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|Birth Name||Desmond John Ballentine.|
|Also known as||Don Gorgon, Gun Gorgon, Gun Pon Teeth|
|Born||January 24, 1966|
|Origin||Saint Mary Parish, Jamaica|
One of the most popular Dancehall DJs of the late ’80s and early ’90s, Ninja man was also perhaps the most controversial, thanks to his often violent, progun lyrics. His bad-man image overshadowed the fact that he was a hugely talented freestyle lyricist, and the owner of a theatrical, stuttering delivery that made him a highly distinctive toaster. What was more, he did delve into social commentary at times, protesting war and the harsh realities of ghetto life rather than glamorizing their attendant violence. By the late ’90s, Ninja man was making far more headlines due to his turbulent personal life than his music, but even if his recording activities had tailed off, he remained a popular — and still polarizing — concert act.
Ninja man was born Desmond John Ballentine on January 20, 1966, in Annotto Bay, in the Jamaican province of St. Mary. His family moved to Kingston when he was 11, and he started DJing a year later under the name Double Ugly. Initially performing for the Black Culture sound system, he moved over to the Kilimanjaro organization in the early ’80s, and there got the chance to learn from Super Cat and Early B. He changed his name to Uglyman, then Ninja man when another artist of the same name came forward. Kilimanjaro started its own label, and in 1987 Ninja man got the chance to make — and self-produce — his first single, a duet with Courtney Melody called “Protection.” It was a success, and led to further hit collaborations under producer Lloyd Dennis in 1988, most notably “Cover Me” with Tinga Stewart and “Zig It Up” with Flourgon.
Over the next few years, Ninja man recorded prolifically for a variety of producers, including King Jammy, Philip “Fatis” Burrell, Redman, Ini Kamoze, Bobby Digital, Gussie Clarke, and Steely & Clevie, among others. His hits over the years 1989-1992 established his image as one of the most dangerous rude boys around: the controversial “Murder Dem,” the chilling “Permit to Bury,” “Border Clash,” “Laugh and Grin (Mad Ninja),” “Test the High Power,” “My Weapon,” “Above the Law,” “Reality Yuh Want.” He also continued to cut duets with partners like Cocoa Tea, Gregory Isaacs, and Linval Thompson, and teamed up with both Shabba Ranks and Admiral Tibett for “Time Is Serious.” As Ninja man’s popularity began to approach that of Ranks — at least in Jamaica, where all the gun talk wasn’t yet a liability — the two struck up a spirited rivalry, trading barbs at many a concert clash. At the height of his notoriety, Ninja man christened himself with the alternate appellation “Original Front Tooth, Gold Tooth, Gun Pon Tooth Don Gorgon,” and inspired a legion of imitators with their own ninja-themed names.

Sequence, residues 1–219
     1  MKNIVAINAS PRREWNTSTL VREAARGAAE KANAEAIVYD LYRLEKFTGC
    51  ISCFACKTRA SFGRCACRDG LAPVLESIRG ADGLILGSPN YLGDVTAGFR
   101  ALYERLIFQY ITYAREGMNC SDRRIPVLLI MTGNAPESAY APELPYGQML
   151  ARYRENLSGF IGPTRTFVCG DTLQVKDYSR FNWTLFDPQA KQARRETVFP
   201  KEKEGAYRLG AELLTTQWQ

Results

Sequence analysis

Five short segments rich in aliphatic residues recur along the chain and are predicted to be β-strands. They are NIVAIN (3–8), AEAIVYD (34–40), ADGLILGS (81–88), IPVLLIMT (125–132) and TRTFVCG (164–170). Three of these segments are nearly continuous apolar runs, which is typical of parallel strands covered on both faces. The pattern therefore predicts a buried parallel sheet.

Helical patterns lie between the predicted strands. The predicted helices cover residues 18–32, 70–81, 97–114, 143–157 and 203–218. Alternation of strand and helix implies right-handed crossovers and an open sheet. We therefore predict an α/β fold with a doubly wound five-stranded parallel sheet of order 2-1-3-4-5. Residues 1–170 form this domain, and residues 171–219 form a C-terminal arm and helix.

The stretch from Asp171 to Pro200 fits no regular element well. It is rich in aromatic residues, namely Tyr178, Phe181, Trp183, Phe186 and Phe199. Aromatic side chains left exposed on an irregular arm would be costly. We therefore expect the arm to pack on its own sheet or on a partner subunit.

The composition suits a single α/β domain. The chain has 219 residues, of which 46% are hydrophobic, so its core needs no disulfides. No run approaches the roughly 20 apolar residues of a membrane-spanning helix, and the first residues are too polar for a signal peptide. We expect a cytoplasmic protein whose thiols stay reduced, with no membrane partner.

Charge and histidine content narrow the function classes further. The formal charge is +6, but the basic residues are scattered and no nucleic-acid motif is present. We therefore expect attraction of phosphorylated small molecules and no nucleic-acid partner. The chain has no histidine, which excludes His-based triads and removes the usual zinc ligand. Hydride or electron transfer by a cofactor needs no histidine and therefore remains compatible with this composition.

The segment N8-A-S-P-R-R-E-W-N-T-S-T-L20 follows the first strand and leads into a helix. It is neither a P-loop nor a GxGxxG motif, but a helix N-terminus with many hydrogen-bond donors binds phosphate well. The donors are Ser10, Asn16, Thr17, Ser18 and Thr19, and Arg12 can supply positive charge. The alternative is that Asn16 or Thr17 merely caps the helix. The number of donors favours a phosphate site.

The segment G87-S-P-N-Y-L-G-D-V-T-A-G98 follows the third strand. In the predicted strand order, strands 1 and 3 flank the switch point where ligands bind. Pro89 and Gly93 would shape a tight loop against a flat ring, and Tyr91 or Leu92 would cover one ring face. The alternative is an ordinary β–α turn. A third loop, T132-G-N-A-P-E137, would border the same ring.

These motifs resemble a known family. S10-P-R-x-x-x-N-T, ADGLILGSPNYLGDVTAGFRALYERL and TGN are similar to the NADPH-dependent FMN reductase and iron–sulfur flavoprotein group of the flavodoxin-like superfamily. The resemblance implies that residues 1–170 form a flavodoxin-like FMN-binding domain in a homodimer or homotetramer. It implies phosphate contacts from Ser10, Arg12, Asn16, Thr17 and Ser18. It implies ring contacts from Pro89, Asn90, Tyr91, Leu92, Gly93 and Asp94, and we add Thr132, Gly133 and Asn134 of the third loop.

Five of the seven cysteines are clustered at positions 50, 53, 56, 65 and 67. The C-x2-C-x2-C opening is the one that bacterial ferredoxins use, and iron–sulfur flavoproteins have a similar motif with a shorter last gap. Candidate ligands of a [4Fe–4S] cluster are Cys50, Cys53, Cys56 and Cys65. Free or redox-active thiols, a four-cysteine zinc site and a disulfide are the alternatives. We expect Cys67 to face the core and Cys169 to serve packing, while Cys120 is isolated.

By 1993, however, Ninja man’s gun-toting rude boy persona was beginning to spur a backlash. Criticized as irresponsible, he began to find it more and more difficult to get recording or performing gigs. He worked with producers Henry “Junjo” Lawes and Junior Reid during this period, but his career momentum was fading fast, and by the mid-’90s his recording activity had tailed off substantially. Battling problems with crack cocaine, in 1997 Ninja man became a born-again Christian, and began performing gospel reggae tunes under the name Brother Desmond. The switch wasn’t entirely permanent, however, leading to condemnations from some in Jamaica’s Christian community.
That was only the beginning of a series of incidents that kept Ninja man’s name in the headlines in spite of the decline of his recording career. True to the character he played in the 1999 film Third World Cop, he had several run-ins with the law during the late ’90s; among other allegations, he was accused of raping a woman at knifepoint in his home, and — most seriously — murdering a taxi driver in late 1999. He was acquitted on those charges, but convicted of unlawfully possessing a firearm and ammunition, and sentenced to a year in jail (also in late 1999). While serving his sentence, Ninja man was reportedly assaulted by prison guards for attempting to shield his cellmate from a beating. Things didn’t calm down upon his release, either; in July 2001, he was rushed to a hospital after suffering several machete wounds, some to the head, from a family associate trying to break up a physical dispute between him and his common-law wife. (He was later charged with domestic assault.) Several months later, he was arrested for driving erratically. In the summer of 2002, he was arrested again following a profanity-laced tirade at the Reggae Carifest, which resulted in his being dropped from subsequent festival engagements.